Defense tactics raise eyebrows in Cohen cross-examination

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It would be no surprise if the jury in Donald Trump’s first criminal trial now sees his former fixer, Michael Cohen, as a profane social media troll and vengeful liar who dreams of seeing the boss he once worshipped behind bars.

But jurors don’t have to like Cohen. They just have to believe him.

Trump’s self-described former “thug” came under a sustained attack from defense attorney Todd Blanche Tuesday in a cross-examination meant to shatter his credibility as the star witness to the ex-president’s allegedly criminal behavior. But critically, he didn’t lose his composure on the stand. So far, he’s avoided traps that would fatally undermine the case.

Cohen will get time to take stock on Wednesday, on the trial’s regular day off, which will also give Trump’s team a chance to sharpen its approach. The presumptive GOP nominee, meanwhile, is due to take the opportunity to launch a fundraising swing through Ohio and Kentucky before court resumes Thursday.

Cohen has already directly implicated Trump in making payments to adult film star Stormy Daniels to cover-up their alleged affair and apparently corroborated prosecution evidence that the scheme was meant to influence the 2016 election. (Trump has denied an affair and pleaded not guilty).

The task of the defense in cross-examination was, therefore, to so undermine Cohen’s credibility that they sowed reasonable doubt in the minds of at least one juror about the wider case.

Blanche took Cohen through a long list of the insults he’s unleashed at Trump since becoming estranged from his former mentor, highlighting his penchant for serial lying. He drew jurors’ attention to a social media post in which Cohen wore a T-shirt that depicted Trump in jail, as he spun a narrative of bias and obsession. Blanche also got the witness to say that he’d built up a lucrative business, especially in books focused on his criticism of the former president. He asked if Cohen had called Trump a “boorish cartoon misogynist.” Cohen replied, “Sounds like something I would say.” Then Trump’s attorney inquired if he’d mocked the ex-president as a “Cheeto-dusted cartoon villain.”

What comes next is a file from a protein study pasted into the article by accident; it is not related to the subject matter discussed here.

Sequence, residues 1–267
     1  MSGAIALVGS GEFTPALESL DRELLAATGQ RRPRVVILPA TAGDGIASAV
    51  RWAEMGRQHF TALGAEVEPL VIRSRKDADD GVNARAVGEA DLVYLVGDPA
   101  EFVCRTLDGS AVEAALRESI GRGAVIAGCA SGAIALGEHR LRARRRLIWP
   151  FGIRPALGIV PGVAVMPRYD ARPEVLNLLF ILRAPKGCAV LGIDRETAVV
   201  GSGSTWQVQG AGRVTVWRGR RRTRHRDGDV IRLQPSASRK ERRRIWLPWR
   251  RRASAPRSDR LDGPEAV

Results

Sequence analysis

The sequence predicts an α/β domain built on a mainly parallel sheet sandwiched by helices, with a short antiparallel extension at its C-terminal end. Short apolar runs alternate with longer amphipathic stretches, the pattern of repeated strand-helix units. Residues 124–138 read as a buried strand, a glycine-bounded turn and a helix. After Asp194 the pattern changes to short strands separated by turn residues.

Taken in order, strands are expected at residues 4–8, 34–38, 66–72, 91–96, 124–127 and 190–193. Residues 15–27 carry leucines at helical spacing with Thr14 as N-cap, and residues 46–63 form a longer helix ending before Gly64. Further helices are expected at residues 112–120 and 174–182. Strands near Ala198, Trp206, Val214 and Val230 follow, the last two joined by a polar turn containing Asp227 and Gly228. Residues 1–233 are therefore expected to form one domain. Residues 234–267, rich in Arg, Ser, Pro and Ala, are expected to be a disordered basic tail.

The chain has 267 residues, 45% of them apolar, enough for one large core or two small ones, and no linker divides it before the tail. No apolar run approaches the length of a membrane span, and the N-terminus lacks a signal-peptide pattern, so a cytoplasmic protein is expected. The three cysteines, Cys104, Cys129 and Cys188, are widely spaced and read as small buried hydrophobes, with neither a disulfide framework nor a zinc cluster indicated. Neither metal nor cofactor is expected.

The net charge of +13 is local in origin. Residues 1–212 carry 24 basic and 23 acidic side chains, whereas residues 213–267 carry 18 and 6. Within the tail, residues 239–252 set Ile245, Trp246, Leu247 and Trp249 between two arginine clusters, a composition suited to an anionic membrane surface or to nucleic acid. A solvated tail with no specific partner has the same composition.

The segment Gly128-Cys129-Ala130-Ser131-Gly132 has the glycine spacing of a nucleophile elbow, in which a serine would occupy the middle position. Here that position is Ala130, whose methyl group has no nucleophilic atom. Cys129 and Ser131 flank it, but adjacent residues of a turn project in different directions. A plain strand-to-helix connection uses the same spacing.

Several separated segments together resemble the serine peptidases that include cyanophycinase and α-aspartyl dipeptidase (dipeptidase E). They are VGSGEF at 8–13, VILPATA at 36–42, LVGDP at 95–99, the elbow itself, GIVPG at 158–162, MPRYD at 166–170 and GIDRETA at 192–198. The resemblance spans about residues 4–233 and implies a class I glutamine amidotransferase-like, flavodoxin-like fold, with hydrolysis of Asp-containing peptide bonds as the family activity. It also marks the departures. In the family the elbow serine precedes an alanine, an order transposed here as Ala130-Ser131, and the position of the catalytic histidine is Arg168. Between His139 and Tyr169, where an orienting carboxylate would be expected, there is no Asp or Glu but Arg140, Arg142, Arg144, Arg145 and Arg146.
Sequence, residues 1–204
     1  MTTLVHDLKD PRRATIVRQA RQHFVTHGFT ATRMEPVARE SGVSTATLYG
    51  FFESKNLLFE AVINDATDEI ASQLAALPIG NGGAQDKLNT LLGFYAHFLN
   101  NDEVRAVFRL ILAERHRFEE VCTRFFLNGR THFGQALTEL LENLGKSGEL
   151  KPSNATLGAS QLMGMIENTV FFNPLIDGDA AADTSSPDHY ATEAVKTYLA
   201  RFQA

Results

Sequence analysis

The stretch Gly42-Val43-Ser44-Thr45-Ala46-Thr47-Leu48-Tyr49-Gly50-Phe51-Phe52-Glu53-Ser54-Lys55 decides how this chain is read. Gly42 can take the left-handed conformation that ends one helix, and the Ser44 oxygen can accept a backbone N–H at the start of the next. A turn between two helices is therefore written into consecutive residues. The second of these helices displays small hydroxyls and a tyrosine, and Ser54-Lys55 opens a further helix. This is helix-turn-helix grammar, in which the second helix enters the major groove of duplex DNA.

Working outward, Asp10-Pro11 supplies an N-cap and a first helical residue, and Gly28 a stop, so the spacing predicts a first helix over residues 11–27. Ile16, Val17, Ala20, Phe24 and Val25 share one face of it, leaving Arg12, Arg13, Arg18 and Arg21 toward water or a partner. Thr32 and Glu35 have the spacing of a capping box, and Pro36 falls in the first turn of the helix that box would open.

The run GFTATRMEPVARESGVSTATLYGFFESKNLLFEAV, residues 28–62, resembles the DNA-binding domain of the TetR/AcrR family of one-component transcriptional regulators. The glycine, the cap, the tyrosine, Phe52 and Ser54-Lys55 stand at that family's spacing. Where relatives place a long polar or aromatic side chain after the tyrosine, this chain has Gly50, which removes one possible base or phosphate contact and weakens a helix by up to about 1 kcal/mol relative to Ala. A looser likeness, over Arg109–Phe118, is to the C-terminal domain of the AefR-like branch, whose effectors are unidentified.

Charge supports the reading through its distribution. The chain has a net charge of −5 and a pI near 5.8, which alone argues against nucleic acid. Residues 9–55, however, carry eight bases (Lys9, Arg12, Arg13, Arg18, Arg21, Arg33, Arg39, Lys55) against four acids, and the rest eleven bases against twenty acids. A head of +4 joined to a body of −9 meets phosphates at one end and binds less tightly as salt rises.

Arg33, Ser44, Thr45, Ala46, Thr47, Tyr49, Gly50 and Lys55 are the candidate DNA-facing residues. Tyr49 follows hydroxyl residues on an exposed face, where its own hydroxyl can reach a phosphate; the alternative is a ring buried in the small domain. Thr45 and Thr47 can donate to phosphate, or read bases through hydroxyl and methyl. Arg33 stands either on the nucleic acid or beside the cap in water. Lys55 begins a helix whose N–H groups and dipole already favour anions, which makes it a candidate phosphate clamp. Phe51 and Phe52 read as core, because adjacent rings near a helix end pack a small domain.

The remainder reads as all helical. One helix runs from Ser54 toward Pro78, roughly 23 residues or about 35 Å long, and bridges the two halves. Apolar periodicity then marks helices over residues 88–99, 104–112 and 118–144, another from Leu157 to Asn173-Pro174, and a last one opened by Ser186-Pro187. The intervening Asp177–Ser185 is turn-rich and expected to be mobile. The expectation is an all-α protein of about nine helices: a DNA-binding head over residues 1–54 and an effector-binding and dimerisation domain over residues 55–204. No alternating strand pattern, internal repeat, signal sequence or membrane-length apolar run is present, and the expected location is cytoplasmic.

Blanche also sought to draw out Cohen’s grudge against Trump, which he can later highlight to the jury in closing arguments, by asking him about a TikTok post in April in which he said Trump belonged in a “f**king cage like an animal” and asked him to confirm that he’d also called the presumptive GOP nominee a “dictator douchebag.”

Michael Moore, a former US attorney for the Middle District of Georgia, said that the defense had made some progress in impeaching Cohen’s credibility. “I really took away that the jury is probably seeing and thinking right now that Cohen is a grifter and a waffler,” said Moore, a CNN legal analyst. “He clearly is making money off this, he clearly is somebody who has got his hand in the till to sell his books.”

But notably, Blanche mostly concentrated on his effort to tarnish Cohen’s character, motives and credibility rather than the core question of the case — whether Trump falsified the business records as part of a cover up expressly designed to mislead voters in 2016 in an early instance of election interference.

As always, when a Trump subordinate performs in front of the boss, there was a sense Blanche’s histrionics were as much for the benefit of his client as the case. And in a curious debut of the cross-examination, Blanche earned an admonition from Judge Juan Merchan for making it all about him, when he noted Cohen had called him a “crying little sh*t” on TikTok.

Questions hanging over the case with the court dark on Wednesday start with how badly Blanche managed to damage Cohen’s testimony and the prosecution case with his full-frontal assault.